Can you guess which Sydney areas pay the most for stamp duty?
Article by Ceyda Erem
Any Aussie who currently owns a property can remember the feeling of walking through the front door of their brand new home for the first time. But a moment many will want to try to forget is the bundle they had to cough up in stamp duty.
In the last financial year, stamp duty and land taxes paid by home buyers and investors in New South Wales totalled an eye-watering $13.8 billion.
And according to recent data, obtained by the ABC, Aussies in Sydney are paying the majority of it at almost $7 billion.
Those buying in regional areas paid $1.6 billion, while developers purchasing large blocks of land paid around $2.6 billion, with the overall majority of the duty being paid by young buyers entering the market.
So which Sydney area pays the most?
- Sydney, $345 million
- St Leonards, $134 million
- Kellyville, $199 million
- Mosman, 190 million
- North Ryde, $106 million
- Newington, $99.7 million
- Riverstone, $94.2 million
- Blacktown, $89.7 million
- Waterloo, $88.3 million
- Parramatta, $86.3 million
Calls for change
A recent paper by the Property Council of Australia has argued that in order to improve housing affordability, stamp duty will have to be largely reduced.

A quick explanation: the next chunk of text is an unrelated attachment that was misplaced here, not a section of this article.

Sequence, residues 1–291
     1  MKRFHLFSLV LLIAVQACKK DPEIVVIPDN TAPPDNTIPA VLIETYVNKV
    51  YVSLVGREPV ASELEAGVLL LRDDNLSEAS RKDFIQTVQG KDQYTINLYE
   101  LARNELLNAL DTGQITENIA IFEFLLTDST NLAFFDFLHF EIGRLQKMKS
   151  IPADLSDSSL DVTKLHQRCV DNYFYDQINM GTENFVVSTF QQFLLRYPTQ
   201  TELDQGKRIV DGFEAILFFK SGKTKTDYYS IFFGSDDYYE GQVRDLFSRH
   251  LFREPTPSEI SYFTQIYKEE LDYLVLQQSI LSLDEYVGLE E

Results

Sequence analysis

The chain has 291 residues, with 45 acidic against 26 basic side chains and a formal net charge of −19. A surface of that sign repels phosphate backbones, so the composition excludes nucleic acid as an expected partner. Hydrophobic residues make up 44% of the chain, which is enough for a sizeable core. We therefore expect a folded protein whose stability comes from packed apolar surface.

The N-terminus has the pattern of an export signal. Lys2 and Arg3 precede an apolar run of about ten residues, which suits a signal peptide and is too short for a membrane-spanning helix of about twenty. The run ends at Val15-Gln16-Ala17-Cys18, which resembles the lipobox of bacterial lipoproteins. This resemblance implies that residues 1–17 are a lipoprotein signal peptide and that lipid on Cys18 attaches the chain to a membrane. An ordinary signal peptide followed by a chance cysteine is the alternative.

NSW Property Council Deputy Director, Cheryl Thomas believes that current stamp duty thresholds need to be reviewed, as they have not been revised in NSW for over 30 years.
“The thresholds must be revised to reflect the current market and reduce price pressure on homebuyers,” she said.
A substantial loss of revenue
Due to the cooling property market, stamp duty is expected to fall by almost 11% within the year, from $6.3 billion to $5.6 billion, which could see a booming source of government revenue take a massive hit.
And surprisingly, rather than skyrocketing property prices, it’s the unpredictability in sellers putting a dent in the cost of stamp duty.
"Volatility in residential transaction volumes and the timing of turning points in market sentiment are the key challenges in forecasting transfer duty," the budget papers revealed.
"Volumes are significantly more volatile than prices in part because owners tend to resist selling when prices fall in nominal terms."
And while there were no other stamp duty concessions or exemptions introduced in this year’s Budget, the government has anticipated that by September property prices will have declined by a total of 7.5% from their peak in 2017, due to tighter credit standards, smaller credit availability and little supply in housing, before rising again in 2019-2020.
Find out how much stamp duty you could expect to pay by taking our stamp duty calculator for a spin, before heading over to our home loan comparison tool to check our some of the latest home loan offers.